Raytheon moves project forward to develop hypersonic missile for existing jet fighter and bomber aircraft

Sept. 7, 2021
SCIFiRE aims to advance air-breathing hypersonic technologies to full-size prototypes that are affordable and provide flexible long-range capability.

EGLIN AIR FORCE BASE, Fla. – Hypersonic weapons designers at Raytheon Technologies Corp. are moving forward with a project to advance air-breathing hypersonic technologies together with experts in Australia under terms of a $28 million order announced Friday.

Officials of the U.S. Air Force 96th Test Wing at Eglin Air Force Base, Fla., announced the order to the Raytheon Missiles & Defense segment in Tucson, Ariz., for the Southern Cross Integrated Flight Research Experiment (SCIFiRE) Project first-phase preliminary design review.

The order is a modification to a $33.7 million contract to Raytheon last June to kick off the first phase of the SCIFiRE project to mature a solid-rocket-boosted, air-breathing, hypersonic conventional cruise missile able to be launched from existing jet fighter and bomber aircraft.

The SCIFiRE effort aims cooperatively to advance air-breathing hypersonic technologies into full-size prototypes that are affordable and provide a flexible long-range capability. A hypersonic munition flies at five or more times the speed of sound.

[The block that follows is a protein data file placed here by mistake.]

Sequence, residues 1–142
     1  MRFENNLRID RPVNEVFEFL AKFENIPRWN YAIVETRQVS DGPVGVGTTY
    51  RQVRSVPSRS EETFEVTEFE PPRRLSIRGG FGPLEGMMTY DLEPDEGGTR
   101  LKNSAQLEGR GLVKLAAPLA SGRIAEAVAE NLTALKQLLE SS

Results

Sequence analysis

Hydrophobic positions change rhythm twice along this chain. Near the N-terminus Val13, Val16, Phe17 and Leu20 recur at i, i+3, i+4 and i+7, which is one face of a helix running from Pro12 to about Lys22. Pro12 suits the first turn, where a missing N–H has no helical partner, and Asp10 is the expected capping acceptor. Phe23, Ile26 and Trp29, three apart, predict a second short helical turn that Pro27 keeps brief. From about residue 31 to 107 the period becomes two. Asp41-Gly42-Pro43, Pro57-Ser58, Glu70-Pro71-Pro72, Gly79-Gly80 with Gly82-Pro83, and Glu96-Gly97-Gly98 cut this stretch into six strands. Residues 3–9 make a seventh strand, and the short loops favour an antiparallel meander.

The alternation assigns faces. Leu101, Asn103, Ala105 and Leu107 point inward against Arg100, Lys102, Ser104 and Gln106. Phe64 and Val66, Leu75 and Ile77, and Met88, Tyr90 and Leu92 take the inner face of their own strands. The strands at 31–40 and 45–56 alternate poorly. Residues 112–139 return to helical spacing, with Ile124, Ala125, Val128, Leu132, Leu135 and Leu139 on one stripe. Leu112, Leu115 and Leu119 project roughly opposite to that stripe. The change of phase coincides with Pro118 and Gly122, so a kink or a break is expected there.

Related: Navy asks industry to develop enabling technologies for hypersonic weapons for carrier-based F/A-18E/F jet

The program will culminate in realistic missile flight demonstrations, and will pursue potential co-production opportunities among the U.S. and Australia. The project capitalizes on U.S. and Australian collaborative hypersonic activities conducted over the last 15 years, namely the Hypersonic International Flight Research Experimentation (HIFiRE) program.

SCIFiRE continues collaborative research efforts that involve the U.S. Air Force, U.S. Navy, the Royal Australian Air Force, and Australian Defence Science and Technology Group.

SCIFiRE is the second effort announced under the Allied Prototyping Initiative, which launched in 2019 to capitalize on new and existing cooperation in research and development.

On this order Raytheon will do the work in Tucson, Ariz., and should be finished by September 2022. For more information contact Raytheon Missiles & Defense www.raytheonmissilesanddefense.com, or the Air Force 96th Test Wing at www.eglin.af.mil/Units/96th-Test-Wing.

About the Author

John Keller | Editor-in-Chief

John Keller is the Editor-in-Chief, Military & Aerospace Electronics Magazine--provides extensive coverage and analysis of enabling electronics and optoelectronic technologies in military, space and commercial aviation applications. John has been a member of the Military & Aerospace Electronics staff since 1989 and chief editor since 1995.

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